Sunday, January 8, 2012
I’m still too p.o.’ed and despondent to try and recreate the text just now, and so my brilliant exegesis on a hundred years of Jazz in Seattle will just have to wait for inspiration to strike once more. (As I close-in on age 69, I’m not making book.)
That means another hurry-up fill-in:
A couple of months back I edged into a multipart examination of Kurt Weill in Jazz by talking about the recent sale of my 11,000-piece record collection. As mentioned then, I also held onto a hundred-fifty or so favorite LPs—not valued collectibles but musical performances I’ll want to hear often till all the listening’s done.
But once a collector, always a pushover. I still keep my eyes peeled for bargain discs and unknown wonders, and I decided to post photos of a selection of the more interesting finds, 20-some LPs paired up according to whatever visual or sub-genre relationships I could detect.
The first two, for example, are great African-American singers with deep, resonant voices. But Paul Robeson stayed serious in all circumstances ("Why these burdens, Lord?"), while Clarence Carter sang Southern Soul with a lascivious laugh added.
Paganini alone scorched the strings of his violin like a man dueling 24 devils, while Bartok’s composition needed that many string players and sounded like they were losing the duel!
From the mid-Eighties and each release avant garde after a fashion: saxophonist Garbarek and his friends play pieces in homage to Swedish poet Tomas Transtromer, but Czukay and Sylvian make their own dark poems from spiraling winter ghosts, empty iron vessels, and a host of keyboards and synths.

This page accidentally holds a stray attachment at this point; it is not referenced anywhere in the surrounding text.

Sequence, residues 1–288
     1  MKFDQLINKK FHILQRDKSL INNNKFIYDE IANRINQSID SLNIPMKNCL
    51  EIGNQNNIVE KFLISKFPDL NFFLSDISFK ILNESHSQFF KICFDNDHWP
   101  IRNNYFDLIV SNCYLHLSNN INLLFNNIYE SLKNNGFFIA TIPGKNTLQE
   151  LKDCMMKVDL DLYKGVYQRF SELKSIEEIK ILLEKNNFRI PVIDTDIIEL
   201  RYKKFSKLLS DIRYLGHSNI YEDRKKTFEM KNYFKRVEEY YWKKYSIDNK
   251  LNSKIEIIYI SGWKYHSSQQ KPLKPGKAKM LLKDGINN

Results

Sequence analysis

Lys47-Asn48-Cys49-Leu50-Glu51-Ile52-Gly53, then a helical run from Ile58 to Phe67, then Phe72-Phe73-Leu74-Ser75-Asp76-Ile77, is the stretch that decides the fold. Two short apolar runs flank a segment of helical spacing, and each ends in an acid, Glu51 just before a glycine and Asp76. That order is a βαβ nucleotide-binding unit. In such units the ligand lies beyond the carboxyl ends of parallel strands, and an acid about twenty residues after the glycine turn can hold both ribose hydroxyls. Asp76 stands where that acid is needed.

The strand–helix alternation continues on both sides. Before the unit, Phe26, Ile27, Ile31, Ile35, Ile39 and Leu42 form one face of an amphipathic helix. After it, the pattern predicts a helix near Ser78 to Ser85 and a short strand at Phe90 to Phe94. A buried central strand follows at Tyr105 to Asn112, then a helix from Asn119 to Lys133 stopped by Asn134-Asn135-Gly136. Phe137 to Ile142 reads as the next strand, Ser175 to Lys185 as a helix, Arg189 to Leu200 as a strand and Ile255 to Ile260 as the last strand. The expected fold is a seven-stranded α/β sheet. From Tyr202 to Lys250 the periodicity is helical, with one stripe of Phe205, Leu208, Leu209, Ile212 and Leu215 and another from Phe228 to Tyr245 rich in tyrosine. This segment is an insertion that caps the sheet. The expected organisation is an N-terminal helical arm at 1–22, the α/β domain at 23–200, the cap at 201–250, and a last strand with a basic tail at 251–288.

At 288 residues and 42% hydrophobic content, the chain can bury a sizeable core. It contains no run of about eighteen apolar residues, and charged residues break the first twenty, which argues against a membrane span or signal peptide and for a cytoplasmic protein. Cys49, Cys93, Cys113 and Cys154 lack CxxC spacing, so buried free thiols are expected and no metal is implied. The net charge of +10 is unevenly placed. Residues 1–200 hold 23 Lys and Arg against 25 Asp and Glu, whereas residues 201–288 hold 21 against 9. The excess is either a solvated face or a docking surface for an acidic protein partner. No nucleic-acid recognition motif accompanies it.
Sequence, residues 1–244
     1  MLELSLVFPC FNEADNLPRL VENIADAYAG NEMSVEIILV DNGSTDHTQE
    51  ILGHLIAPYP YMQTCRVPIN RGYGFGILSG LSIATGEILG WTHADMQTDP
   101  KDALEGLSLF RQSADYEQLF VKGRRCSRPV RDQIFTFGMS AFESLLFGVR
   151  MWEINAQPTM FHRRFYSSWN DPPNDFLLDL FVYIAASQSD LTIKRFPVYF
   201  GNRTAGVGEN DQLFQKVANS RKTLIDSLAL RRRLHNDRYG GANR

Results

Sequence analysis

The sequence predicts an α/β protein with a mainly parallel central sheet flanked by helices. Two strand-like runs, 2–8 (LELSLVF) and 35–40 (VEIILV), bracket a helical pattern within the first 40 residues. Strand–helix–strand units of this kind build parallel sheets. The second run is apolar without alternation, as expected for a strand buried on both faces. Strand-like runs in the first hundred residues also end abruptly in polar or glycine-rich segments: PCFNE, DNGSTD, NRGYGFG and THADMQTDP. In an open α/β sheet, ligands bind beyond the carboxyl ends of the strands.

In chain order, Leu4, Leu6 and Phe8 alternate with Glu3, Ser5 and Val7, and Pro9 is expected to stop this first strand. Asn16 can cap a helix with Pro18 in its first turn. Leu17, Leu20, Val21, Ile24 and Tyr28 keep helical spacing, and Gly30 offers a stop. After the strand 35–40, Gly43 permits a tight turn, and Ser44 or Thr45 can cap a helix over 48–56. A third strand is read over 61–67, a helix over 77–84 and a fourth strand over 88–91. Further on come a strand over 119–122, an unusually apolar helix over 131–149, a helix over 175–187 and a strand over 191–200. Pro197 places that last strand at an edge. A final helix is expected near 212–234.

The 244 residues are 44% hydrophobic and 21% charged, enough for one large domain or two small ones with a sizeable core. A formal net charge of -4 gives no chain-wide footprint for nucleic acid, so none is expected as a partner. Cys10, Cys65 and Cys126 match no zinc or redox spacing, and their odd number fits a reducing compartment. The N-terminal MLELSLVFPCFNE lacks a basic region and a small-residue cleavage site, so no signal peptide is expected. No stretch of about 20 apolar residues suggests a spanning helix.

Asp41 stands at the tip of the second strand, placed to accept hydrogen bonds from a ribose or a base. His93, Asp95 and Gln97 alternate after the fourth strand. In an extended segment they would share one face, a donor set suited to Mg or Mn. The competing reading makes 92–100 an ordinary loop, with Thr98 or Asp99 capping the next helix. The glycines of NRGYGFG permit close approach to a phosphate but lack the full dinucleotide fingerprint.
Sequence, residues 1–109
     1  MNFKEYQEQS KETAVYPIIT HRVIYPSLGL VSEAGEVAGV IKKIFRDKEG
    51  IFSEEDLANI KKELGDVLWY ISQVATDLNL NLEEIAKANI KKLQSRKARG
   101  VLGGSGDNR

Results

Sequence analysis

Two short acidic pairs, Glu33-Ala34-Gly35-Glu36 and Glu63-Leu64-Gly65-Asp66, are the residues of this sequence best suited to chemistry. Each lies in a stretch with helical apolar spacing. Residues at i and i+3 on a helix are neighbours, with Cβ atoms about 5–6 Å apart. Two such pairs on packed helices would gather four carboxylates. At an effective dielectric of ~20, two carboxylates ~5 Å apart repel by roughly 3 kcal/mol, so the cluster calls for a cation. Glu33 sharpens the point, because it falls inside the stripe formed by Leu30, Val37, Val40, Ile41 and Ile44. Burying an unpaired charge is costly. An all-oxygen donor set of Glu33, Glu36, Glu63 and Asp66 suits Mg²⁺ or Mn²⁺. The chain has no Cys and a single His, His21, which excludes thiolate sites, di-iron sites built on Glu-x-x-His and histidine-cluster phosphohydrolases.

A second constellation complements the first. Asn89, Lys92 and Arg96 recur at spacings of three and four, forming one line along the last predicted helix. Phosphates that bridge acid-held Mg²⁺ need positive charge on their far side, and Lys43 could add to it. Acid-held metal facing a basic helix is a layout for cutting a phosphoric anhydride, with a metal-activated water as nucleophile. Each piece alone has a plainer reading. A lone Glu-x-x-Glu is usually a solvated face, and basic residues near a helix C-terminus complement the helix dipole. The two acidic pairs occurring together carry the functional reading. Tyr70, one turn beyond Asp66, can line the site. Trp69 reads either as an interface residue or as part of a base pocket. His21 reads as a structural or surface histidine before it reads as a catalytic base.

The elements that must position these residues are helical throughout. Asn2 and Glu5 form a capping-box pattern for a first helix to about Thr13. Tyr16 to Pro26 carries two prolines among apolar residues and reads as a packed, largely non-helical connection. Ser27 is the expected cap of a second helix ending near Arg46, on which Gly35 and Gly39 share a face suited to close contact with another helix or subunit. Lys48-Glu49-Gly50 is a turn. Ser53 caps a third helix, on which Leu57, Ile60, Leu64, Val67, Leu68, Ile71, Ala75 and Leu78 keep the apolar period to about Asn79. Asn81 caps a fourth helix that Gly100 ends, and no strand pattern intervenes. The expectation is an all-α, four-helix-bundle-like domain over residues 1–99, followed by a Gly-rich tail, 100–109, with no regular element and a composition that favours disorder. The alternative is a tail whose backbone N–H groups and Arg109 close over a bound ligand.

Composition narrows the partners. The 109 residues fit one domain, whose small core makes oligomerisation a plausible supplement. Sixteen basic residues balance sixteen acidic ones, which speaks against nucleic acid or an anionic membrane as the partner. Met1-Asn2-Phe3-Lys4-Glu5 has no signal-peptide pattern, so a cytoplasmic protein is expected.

Folk guitarist Rush rambled down an alley in Cambridge, on his way to fame; 20 years later it was an alley in Nashville picked for the Scene of a different “Newgrassy” Crime.
Two examples of Jazz albums with illustrated covers, one by the famous David Stone Martin, the other by the possibly obscure Pat Heine—both sessions featuring Texas Tenor-style saxmen (Cobb and Stanley Turrentine); both albums scarce and collectable.
Classic Americana composed by Thomson for documentary films (the John Steuart Curry cover art chosen accordingly), and a classic, on-the-way-to-America ballet composed by Weill in Paris, documenting a sort of split personality (manic cover art by one Jim Endicott).
I don’t know if this is a pair to draw to, but it’s definitely a pair of aces, one a quirky songwriter with a rural bent, the other a classy hoofer as urbane as Broadway backstage, but both of them peerless non-singers who could sing the sun up and star dust down.
Two less-familiar albums from two of the greatest violinists of the 20th century… hell, the 21st too! (The cellist was no slouch either.) All intensity and precision, Heifitz and Milstein just didn’t fiddle around.
The man for mumbling and clowning but some serious trumpet too is Clark Terry; at 80-plus now, he’s still b-a-d, slowed but not stopped. Matthews, in contrast, lasted the L.A. equivalent of a New York minute; was this his sole record?
Winsome and willowy, soulful and smart, tender and tough and blue… are some of the words that describe the final four LPs. Mimi shared the best-of album with her late husband Richard (and sister Joan Baez too); and master musician Jimmy Giuffre of "Four Brothers" fame arranged and conducted for Ms. Hunter.
Ubiquitous in 1998 (a hit track here with Pretender-guest Chrissie Hynde), UB40 still rules the waves of U.K. Reggae--occasionally--but Horslips peaked in the Seventies. (Their Celtic folk-rock mattered; this earnest rockumentary LP didn’t, though the slight visual echoes of Lurlean’s much earlier cover are of passing interest.)
And thus a new collection begins.